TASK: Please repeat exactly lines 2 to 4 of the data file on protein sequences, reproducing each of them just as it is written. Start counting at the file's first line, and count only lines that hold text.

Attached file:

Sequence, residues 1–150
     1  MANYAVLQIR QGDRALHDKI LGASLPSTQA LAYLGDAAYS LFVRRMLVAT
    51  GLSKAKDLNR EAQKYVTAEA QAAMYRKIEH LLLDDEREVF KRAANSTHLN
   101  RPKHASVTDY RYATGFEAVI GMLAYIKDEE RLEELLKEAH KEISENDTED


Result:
     1  MANYAVLQIR QGDRALHDKI LGASLPSTQA LAYLGDAAYS LFVRRMLVAT
    51  GLSKAKDLNR EAQKYVTAEA QAAMYRKIEH LLLDDEREVF KRAANSTHLN
   101  RPKHASVTDY RYATGFEAVI GMLAYIKDEE RLEELLKEAH KEISENDTED